Co-Production: Good Idea or Swear Word?!

Co-Production: Good Idea or Swear Word?!


Last week I chaired and co-delivered an event held by Norfolk Coalition of Disabled People.


The focus was on how communities in West Norfolk and the people who make decisions about health services can work together. This is in response to the imminent co-production way of commissioning and delivering health and social care in the region. Co-production recognises that the lived experience of those who use services is a valuable resource when designing and delivering services. Professionals and users both have expertise and while this expertise is different both are equally valuable.

David Cameron has been quoted as saying the following about co-production:


The public become, not the passive recipients of state services, but the active agents of their own life. They are trusted to make the right choices for themselves and their families. They become doers, not the done-for.”

The more I learned about co-production the more I could see similarities with the social model of disability. The social model shifts policy away from a medical/charity/care agenda into a rights led/equalities agenda.


In the differing medical model disabled people are split for convenience into medical groups and doctors know best and tend to be the gatekeepers and adjudicators for resources


There is also a similarity between the medical model described above and the ways in which health and social care has historically been. My grandparent’s generation   would be far less likely to challenge the judgements of health care professionals. They arguably had a greater trust in ‘experts’ to ‘know best’ and had no opportunity to contribute.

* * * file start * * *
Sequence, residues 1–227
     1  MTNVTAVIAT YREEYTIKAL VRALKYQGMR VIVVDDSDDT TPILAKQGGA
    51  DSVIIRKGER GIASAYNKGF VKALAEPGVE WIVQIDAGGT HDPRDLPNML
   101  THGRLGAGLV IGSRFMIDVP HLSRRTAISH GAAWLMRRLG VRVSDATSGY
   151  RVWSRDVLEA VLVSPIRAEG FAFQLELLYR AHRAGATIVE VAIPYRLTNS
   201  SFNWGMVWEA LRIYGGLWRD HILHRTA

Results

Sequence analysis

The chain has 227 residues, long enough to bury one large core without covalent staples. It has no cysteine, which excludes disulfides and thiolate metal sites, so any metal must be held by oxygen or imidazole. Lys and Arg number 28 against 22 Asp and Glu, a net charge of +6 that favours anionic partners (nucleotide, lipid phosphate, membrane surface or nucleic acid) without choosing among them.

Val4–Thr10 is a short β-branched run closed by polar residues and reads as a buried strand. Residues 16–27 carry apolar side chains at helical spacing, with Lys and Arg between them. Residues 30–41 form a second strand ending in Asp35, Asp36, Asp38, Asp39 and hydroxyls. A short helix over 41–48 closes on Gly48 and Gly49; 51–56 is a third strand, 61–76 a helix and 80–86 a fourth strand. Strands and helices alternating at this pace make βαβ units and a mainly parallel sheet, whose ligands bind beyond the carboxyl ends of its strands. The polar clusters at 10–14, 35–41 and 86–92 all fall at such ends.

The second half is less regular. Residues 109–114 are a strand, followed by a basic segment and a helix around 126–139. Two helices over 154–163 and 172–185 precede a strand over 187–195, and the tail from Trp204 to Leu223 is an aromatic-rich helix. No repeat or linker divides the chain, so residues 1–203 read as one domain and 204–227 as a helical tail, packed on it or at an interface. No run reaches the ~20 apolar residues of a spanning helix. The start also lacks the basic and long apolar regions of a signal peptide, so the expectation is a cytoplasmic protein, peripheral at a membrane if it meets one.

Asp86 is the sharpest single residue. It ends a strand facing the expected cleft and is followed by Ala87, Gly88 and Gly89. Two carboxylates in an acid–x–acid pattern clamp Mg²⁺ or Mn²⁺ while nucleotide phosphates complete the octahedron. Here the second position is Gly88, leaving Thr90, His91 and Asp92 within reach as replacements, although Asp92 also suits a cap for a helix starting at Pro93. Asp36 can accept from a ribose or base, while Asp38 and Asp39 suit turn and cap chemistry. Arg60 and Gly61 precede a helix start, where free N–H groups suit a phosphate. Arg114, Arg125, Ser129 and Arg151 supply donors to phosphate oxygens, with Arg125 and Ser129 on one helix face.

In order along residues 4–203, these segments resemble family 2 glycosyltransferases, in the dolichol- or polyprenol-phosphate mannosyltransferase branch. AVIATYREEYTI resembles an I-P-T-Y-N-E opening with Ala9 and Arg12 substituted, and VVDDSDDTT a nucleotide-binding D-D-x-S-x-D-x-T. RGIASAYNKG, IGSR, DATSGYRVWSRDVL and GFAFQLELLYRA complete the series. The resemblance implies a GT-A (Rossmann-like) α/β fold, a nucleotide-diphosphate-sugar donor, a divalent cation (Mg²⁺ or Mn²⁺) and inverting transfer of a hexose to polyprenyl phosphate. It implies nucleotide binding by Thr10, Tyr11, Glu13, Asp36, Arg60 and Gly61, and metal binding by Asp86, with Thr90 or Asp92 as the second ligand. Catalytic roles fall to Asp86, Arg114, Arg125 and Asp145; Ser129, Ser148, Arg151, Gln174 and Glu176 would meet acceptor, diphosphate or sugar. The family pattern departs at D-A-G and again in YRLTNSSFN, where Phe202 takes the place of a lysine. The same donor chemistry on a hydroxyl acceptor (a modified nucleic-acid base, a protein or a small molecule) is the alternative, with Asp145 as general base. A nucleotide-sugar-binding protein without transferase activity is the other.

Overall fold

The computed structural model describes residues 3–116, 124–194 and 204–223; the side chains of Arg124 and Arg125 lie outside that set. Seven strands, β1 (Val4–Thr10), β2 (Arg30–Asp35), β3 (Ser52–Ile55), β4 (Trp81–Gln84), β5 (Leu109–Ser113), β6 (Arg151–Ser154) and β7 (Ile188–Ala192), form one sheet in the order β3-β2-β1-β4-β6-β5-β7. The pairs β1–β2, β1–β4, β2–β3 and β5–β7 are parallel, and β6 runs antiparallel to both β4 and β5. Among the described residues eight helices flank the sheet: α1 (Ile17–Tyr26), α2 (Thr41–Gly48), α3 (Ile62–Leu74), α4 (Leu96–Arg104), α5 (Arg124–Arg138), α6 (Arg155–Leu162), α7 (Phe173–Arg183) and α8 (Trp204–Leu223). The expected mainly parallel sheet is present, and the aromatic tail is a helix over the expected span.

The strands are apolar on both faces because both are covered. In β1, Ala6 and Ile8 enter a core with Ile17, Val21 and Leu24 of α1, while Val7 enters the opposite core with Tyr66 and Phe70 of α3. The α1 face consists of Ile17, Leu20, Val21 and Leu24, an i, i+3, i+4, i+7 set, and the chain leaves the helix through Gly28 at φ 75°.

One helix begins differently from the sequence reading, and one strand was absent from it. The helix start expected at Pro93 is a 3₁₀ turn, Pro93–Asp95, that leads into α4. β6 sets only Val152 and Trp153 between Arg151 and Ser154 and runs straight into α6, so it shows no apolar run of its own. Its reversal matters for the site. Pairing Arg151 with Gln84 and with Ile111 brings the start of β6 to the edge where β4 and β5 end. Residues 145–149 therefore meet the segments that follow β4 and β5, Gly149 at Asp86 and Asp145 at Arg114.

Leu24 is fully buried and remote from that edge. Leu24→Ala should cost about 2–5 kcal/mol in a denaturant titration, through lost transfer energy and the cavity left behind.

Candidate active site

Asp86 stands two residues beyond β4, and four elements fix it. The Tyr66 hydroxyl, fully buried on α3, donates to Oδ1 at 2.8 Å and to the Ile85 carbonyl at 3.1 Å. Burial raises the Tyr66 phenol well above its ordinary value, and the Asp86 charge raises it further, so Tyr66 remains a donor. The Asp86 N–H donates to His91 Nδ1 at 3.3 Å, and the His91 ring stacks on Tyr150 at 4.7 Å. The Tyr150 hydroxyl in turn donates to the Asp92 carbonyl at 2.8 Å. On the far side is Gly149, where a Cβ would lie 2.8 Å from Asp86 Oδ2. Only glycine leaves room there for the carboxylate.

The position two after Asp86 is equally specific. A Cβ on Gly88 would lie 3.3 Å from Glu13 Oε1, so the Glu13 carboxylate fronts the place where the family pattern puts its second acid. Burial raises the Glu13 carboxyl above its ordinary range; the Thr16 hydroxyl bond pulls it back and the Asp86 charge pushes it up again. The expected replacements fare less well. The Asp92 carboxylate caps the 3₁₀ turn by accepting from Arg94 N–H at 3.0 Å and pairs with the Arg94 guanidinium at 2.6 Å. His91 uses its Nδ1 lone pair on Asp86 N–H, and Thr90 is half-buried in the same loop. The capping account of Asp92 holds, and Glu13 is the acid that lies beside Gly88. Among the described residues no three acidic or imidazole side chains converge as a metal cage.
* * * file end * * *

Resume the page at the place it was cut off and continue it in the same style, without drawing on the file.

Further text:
However, much has changed in recent years, including demand of services and rising expectations. Another notable change is that we tend to see ourselves as consumers of services.


The event introduced the notion of co-production. Speeches were given by a user who has contributed her lived experience to influence services and a local Head of Integrated Services. There were opportunities to network and explore what skills and experiences participants had to contribute to a co-production environment.


The final activity of the day was several group SWOT analysis exercises. Interestingly, all groups came up with as many Strengths and Opportunities as they did Weakensses and Threats to working in this way to deliver and commission services in the area.


There was some healthy scepticism in the room but the amount of participants who put themselves forward to be Community Voice Representatives in the future far exceeded our expectations. Those selected will be tasked with seeking the views of the community and give them a voice when health and social care decisions are made.


Even the sceptics agreed in the principles of co-production, their trepidation was more about whether it will work in practice. A fair comment as this is going to be a massive challenge. At a time when public services face enormous challenges, perhaps a new approach may prove to be what is required?


It is early days for this region to work in this way, but what struck me was that co-production was already some sort of swear word! Many people had a real aversion to the word which I can only attribute to the recent use of it by politicians and policy makers. I have since found out that the word co-production was first coined about four decades ago. So, while the word seems new to our vocabularly and a buzzword to politicians it is actually not that new. It doesn’t seem to have taken long to go from buzz word to swear word! For me, the most important thing is that everyone supported the principle.


Whilst not underestimating the scale of the challenge, and assuming it does what it says on the tin, co-production can only be win/win if all involved embrace it and work together.


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